For many small business owners, the number one priority right now is surviving COVID-19. Instead of trying to do big things during these trying times, it may be a good idea to stick to the basics to help ensure your future success. Here are some tips for keeping your small business afloat now, so it can flourish once the pandemic subsides.
1. Reduce Your Overhead as Much as Possible
Before you focus on much else, consider what you can do to reduce your overhead costs. A lot of small businesses can cut down on expenses during this time by doing things like turning the heat down and suspending garbage service while their storefronts are closed. Every cost adds up, and the goal is to lower your expenses as much as you possibly can so your small business can survive longer on what it has available.
2. Take Advantage of Disaster Relief Programs
There are many disaster aid loans and grants available to small businesses right now, and there will probably be more offered in the coming weeks and months. Apply for as many of them as you can. Casting a wide net with your applications will help increase your chances of getting the assistance you need to keep your business going.
3. Increase Your Sales in Creative Ways
Finding new, innovative ways to increase your revenue can be very valuable during the pandemic. Some businesses have switched to making masks, hand sanitizer, and other needed items. If you can easily do that, it could be well worth your time. Your small business could see increased sales from in-demand and hard-to-find products, and you’ll simultaneously be helping people get the things they desperately need. Plus, it will help you remain top-of-mind with your existing customers, and could get your business in front of new customers as well.
4. Keep Employees and Customers Informed
Don't leave the people who rely on you in the dark. If your business is closed, has limited hours, or your products and services have been modified in some way, let both your employees and customers know what to expect. Ensure that your business’ website and social media accounts have up-to-date and accurate information. Even if you’re not open for business, checking in with your employees and leaving posts for your customers periodically is important. By providing updates, you can help foster some sense of normalcy, and can provide them with concrete information instead of leaving them guessing. The uncertainty of this pandemic is difficult right now, and you don't want to contribute to that by going dark.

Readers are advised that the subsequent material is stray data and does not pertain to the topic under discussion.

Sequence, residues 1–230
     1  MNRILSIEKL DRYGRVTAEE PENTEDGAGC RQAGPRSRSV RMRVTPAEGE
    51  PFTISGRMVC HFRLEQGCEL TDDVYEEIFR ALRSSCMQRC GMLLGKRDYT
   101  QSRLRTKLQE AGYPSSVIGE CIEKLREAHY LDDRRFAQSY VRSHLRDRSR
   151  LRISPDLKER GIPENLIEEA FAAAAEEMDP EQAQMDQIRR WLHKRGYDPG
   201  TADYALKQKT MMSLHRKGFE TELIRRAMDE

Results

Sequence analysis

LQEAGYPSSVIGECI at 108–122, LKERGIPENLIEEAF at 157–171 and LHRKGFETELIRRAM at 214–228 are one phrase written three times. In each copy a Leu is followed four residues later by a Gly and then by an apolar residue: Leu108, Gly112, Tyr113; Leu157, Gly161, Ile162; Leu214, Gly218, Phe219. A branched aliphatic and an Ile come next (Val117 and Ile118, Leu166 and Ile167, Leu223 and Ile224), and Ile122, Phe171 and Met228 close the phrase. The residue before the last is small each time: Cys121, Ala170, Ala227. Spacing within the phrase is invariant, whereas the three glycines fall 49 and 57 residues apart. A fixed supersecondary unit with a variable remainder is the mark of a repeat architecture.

5. Communicate What You're Doing About Safety
When you communicate with customers and employees about the current state of your business, also be sure to let them know what you're doing (or will be doing) to keep them safe. If you've moved to appointment-only sales and are disinfecting everything between appointments, tell them that. If your employees are all wearing masks and gloves now, be sure to mention those things. People want to feel that they can trust you, and that they can do business with you without risking their lives.
6. Take Things Online, if You Can
Not every business can sell their goods or services online, but every business can advertise that way. Move the parts of your small business that can be online to a website, social media site, or blog. Make sure you prominently post the information about where customers can find you on the internet. Increasing your online presence can help keep your business' name and information in the minds of your customers, and may allow you to make some digital sales while you wait for your physical storefront to reopen.
There’s no arguing that this is a very difficult time for small businesses. But with some perseverance and creativity, you can help your business survive the coronavirus pandemic. We here at BankFive are so proud of our small business customers and all of the work they’ve put in thus far to keep their businesses thriving!